This is the busy season for local film festivals in Israel. The Tel Aviv International Student Film Festival opened last weekend, the Cinema South International Film Festival opens on Sunday in Sderot, and the ninth annual Tel Aviv International LGBT Film Festival, TLVFest, will open Saturday night.
Among the guests of honor are two women artists who will be giving master classes. One is the American director Jamie Babbit, who became well known thanks to her film “But I’m a Cheerleader,” starring Natasha Lyonne, which was screened at the Sundance Film Festival in 1999; it spoke out against homophobia and in favor of social diversity. Her new film “Breaking the Girls,” a lesbian suspense thriller, will be screened at the festival.
The other guest of honor is singer and social activist Zazie de Paris, who was born Solange Dymensztein in Paris to Jewish parents. She grew up in France and in Israel, returned to France in the early 1970s and began appearing in clubs. Her breakthrough came in 1980 with a production of “Measure for Measure” at the Odeon, and a production of “The Blue Angel” alongside Ute Lemper and Eva Mattes. Babbit and de Paris will each be receiving the 2014 TLVFest Award on the festival’s opening evening, which will also feature a screening of Guttman X 5, a new Israeli film composed of five episodes based on the life and films of the late film director Amos Guttman, who died of AIDS in 1993.
According to festival director Yair Hochner, this year’s festival enjoys the biggest budget it’s ever had — almost NIS 500,000 (about $143,000). The funding from the Israel Film Council increased (NIS 287,000), as did that of the Tel Aviv Municipality (to NIS 70,000). Hochner chose several well-known international films for screening, among them “52 Tuesdays,” which won the directing award in the World Cinema Dramatic category at the Sundance Festival and a Crystal Bear award at the Berlin Film Festival. The film, directed by Sophie Hyde, tells the story of a 16-year-old girl who discovers that her mother is about to undergo a sex-change operation to become a man. From that moment, their time is limited to meetings that take place on Tuesday afternoons. The film was shot only on Tuesdays for an entire year to impart a feeling of reality.
The Swedish film “Something Must Break,” directed by Ester Martin Bergsmark, which won the Tiger Award for Best Film at the International Rotterdam Film Festival, tells the story of the love between two men — a young man who finds himself attracted to members of his own sex for the first time, and another young man who defies gender norms, does not conceal his androgynous nature, and after some time decides to change his sex.
A solo star
“Blue and Not So Pink,” directed by Miguel Ferrari, won a Goya Award — Spain’s Oscar — for best foreign film. The first gay film to be directed in Venezuela, it tells the story of a successful fashion photographer who is about to marry his partner, a physician. But the plans are ruined by two unexpected events: a violent hate crime and the unexpected arrival of the photographer’s son.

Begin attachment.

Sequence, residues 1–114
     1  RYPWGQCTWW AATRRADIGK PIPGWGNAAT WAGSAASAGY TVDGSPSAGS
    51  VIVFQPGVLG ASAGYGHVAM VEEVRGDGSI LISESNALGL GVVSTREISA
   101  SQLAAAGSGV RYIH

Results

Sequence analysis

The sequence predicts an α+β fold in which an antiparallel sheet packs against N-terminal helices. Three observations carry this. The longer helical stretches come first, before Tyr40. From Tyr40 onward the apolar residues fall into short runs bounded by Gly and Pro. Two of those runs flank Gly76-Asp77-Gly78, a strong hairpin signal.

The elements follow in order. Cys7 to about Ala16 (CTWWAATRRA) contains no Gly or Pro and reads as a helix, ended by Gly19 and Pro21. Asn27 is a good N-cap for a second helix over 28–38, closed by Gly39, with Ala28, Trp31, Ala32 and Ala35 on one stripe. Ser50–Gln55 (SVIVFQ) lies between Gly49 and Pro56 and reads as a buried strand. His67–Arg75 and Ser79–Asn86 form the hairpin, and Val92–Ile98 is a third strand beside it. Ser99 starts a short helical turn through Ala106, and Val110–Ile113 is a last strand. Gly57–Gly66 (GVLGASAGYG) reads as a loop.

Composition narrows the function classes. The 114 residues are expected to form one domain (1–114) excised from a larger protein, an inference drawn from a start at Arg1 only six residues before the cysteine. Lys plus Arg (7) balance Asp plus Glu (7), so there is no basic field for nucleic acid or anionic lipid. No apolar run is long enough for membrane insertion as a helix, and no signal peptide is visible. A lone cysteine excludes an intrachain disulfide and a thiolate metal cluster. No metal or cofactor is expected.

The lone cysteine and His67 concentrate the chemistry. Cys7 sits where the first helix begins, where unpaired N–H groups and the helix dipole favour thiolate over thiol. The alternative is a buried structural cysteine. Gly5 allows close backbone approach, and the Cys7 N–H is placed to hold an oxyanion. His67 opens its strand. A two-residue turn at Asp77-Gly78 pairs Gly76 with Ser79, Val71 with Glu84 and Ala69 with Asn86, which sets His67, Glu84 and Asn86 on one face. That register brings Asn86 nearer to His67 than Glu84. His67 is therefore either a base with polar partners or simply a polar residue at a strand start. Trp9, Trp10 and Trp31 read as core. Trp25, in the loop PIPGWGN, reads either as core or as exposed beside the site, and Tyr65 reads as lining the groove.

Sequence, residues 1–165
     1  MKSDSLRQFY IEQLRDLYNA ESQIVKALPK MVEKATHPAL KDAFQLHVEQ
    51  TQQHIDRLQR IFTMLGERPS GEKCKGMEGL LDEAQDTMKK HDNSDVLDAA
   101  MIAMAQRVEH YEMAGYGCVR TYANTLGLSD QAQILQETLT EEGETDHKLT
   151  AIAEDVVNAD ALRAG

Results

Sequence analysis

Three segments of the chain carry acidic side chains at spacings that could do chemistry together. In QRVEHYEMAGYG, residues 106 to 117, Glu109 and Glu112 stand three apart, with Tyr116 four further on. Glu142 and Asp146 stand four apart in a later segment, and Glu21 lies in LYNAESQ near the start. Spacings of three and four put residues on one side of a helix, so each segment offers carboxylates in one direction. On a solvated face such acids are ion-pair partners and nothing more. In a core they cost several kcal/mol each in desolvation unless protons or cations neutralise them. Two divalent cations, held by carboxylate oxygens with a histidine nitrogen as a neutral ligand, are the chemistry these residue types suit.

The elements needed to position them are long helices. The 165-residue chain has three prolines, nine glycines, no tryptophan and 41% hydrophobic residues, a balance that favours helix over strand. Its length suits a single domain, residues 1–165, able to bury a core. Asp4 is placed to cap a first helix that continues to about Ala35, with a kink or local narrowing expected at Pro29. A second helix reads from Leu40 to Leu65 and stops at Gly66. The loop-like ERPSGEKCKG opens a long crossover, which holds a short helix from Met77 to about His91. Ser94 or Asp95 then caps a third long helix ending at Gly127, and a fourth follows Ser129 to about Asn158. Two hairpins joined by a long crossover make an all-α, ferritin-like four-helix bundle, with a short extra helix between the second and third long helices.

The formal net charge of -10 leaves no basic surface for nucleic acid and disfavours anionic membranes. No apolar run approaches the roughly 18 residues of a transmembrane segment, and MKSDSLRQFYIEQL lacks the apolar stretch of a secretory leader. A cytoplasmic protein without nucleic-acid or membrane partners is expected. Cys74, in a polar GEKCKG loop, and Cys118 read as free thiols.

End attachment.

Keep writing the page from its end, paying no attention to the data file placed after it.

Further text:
“Quick Change,” directed by Eduardo Roy of the Philippines and screened at the Berlinale 2014 film festival, exposes the thriving illegal Botox-injection industry in Manila’s transgender community. The film follows Dorina, a woman who administers illegal Botox injections to her clients, who want to compete in local beauty contests. At the same time, she is taking care of her son and is in love with a young, selfish dancer who is unfaithful to her.
“Boy Meets Girl,” directed by Eric Schaeffer, is an American romantic comedy starring Michelle Hendley, a woman who became famous after posting videos on YouTube that documented her sex change. Schaeffer, who will be coming to Israel as a guest of the festival, based the plot of his film on Hendley and asked her to play the leading role.
Also to be screened at the festival is “Hands Untied,” directed by Yannick Delhaye, a French film that examines how the LGBT image is seen through important films made by gay and lesbian directors in Israel. It also looks at new filmmakers working on the fringes of the local film industry who buck convention.
Other festival entries include “Julia,” which was screened at the Venice Film Festival last year. Directed by Johanna Jackie Baier, “Julia” follows the life of a transgender girl sold into prostitution by her best friend. She lives on the dark fringes of Berlin, where she becomes well known as a prostitute. Another is “Kink,” directed by Christina Voros and produced by famed Hollywood actor/director James Franco. “Kink,” which received its premiere screening at the Sundance Festival last year, examines what goes on behind the scenes of the American pornography company Kink, which specializes in BDSM films and runs one of the most-viewed websites on earth.
An entry that gathered much attention at its Sundance premiere was “To Be Takei,” directed by Jennifer M. Kroot. It is an intimate cinematic portrait of 76-year-old George Takei, who played Hikaru Sulu on the well-known television series (later film series) “Star Trek.” Takei recalls his childhood in a Japanese-American internment camp during World War II and how he became a successful actor. He also talks about his relationship with his partner, Brad, which he made public when he came out nine years ago. Since then, Takei has become a symbol of the struggle for same-sex marriage equality in the United States.
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